While the unemployment rate for veterans is falling, it's still high. Nationally, 10 percent of veterans from Iraq and Afghanistan are looking for work.
Surrounded by military support leaders and Sioux Falls business people, Senator Tim Johnson wants to get to the bottom of why many veterans are unemployed. Nearly 700,000 of them are without jobs in America, a disturbing trend Johnson says needs to be addressed.
"It's an opportunity to ask questions and comment about the problems vets are facing in terms of unemployment," Johnson said.
Most vets return to their previous jobs after deployment, but South Dakota National Guard Adjutant General Tim Reisch says it can sometimes be very difficult to find a new job.
"It's not all doom and gloom, but for many veterans it is quite a road block for them," Reisch said. "But fortunately there are a lot of programs out there. It's just getting them hooked up to the right program."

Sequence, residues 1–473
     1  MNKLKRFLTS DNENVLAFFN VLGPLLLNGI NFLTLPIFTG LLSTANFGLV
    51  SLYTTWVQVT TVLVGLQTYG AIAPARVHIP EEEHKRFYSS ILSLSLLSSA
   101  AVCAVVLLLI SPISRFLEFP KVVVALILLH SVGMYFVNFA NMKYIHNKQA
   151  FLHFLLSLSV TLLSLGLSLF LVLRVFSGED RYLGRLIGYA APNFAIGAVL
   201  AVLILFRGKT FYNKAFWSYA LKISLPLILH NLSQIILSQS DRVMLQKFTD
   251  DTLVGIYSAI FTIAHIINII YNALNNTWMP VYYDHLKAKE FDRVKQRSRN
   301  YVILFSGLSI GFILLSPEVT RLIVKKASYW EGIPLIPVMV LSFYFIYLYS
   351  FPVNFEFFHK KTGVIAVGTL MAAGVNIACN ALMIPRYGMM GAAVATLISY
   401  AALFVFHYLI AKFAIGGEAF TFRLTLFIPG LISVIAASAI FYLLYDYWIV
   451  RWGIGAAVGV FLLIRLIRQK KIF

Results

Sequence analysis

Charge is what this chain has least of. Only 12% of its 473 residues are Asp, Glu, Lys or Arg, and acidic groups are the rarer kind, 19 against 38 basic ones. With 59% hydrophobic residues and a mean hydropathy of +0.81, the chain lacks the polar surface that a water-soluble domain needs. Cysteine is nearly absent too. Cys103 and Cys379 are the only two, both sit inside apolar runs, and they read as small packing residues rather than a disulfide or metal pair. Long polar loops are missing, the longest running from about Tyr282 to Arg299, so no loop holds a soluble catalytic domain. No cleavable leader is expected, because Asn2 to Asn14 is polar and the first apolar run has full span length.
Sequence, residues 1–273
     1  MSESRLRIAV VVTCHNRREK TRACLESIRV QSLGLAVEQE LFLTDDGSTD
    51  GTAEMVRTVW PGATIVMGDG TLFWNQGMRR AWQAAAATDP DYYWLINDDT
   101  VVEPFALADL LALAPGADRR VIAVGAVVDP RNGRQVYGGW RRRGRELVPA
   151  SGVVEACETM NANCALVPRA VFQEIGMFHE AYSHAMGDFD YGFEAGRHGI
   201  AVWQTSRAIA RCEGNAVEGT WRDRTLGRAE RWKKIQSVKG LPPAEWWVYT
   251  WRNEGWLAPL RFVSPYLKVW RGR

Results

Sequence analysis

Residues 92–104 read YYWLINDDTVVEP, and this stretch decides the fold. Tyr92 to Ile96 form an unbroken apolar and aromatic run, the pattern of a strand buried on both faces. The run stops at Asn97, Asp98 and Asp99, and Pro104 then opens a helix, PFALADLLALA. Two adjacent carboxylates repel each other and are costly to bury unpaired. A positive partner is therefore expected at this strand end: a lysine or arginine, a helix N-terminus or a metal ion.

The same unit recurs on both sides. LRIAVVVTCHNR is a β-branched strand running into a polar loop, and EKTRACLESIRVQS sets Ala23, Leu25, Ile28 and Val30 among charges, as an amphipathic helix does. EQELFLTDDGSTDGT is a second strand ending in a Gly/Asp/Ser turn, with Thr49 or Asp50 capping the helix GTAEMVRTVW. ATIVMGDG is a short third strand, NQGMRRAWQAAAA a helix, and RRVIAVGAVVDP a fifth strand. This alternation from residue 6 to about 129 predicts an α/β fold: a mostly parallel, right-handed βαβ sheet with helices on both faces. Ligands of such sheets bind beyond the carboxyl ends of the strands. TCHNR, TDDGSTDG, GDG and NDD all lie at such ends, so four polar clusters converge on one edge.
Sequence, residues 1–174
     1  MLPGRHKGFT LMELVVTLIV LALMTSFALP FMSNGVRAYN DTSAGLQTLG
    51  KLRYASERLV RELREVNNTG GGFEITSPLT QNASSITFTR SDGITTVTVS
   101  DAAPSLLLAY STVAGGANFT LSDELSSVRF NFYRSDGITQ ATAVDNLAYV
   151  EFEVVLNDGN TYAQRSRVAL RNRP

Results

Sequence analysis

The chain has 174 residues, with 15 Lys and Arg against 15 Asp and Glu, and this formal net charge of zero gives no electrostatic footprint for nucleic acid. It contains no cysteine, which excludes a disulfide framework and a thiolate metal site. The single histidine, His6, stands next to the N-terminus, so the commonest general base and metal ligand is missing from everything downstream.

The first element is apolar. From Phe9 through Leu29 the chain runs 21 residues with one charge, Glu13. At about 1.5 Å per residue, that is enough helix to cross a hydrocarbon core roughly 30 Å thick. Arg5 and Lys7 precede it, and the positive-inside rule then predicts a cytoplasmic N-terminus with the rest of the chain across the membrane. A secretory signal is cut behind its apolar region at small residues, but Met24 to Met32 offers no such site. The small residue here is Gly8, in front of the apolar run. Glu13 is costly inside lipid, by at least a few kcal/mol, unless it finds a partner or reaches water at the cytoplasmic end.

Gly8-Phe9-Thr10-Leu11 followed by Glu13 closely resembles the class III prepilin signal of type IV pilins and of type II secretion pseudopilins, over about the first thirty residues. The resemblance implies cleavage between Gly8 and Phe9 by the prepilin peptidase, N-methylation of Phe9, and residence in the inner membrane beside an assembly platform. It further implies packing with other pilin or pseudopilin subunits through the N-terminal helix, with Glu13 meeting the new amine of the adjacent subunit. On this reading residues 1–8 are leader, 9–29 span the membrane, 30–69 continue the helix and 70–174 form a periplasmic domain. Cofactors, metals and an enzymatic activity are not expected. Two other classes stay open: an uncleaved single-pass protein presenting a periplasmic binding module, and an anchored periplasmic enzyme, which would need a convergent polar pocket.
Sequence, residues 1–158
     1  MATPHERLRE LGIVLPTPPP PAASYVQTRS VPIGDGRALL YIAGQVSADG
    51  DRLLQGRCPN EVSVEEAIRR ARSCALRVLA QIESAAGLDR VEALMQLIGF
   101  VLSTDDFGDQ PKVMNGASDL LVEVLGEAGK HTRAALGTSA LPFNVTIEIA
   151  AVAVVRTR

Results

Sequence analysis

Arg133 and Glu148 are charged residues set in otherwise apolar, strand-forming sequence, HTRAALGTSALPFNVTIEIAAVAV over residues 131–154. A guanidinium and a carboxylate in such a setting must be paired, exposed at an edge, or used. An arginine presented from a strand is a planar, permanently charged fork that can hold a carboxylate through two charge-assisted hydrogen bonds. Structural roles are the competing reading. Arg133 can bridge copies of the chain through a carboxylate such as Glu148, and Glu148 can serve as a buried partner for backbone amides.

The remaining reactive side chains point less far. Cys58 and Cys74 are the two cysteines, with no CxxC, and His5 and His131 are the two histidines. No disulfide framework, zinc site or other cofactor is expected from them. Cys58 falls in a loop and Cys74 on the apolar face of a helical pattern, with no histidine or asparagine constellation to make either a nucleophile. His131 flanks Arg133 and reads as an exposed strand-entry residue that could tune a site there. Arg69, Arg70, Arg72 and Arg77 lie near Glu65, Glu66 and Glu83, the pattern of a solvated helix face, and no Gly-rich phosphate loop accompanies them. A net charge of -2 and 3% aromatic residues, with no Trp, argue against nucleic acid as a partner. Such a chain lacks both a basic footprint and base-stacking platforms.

In South Dakota, it is easier for vets to find employment, but many are underemployed, taking two or three survival jobs to pay bills. But Mike Hilbrands from Citigroup says veterans hold unique skills that should be utilized in the private sector.
"They are excellent employees. Bottom line, they're used to working under stress. Some are used to working in a structured environment. They have a lot of drive and they like to see things go from start to completion," Hilbrands said.
Johnson hopes by bringing the military, support services programs and businesses together, they will find a way to take care of the men and women who fought so hard for our country.
The South Dakota National Guard leaders say the guardsmen unemployment rate is 3.9. It's low because most citizen soldiers are still in college and not considered unemployed.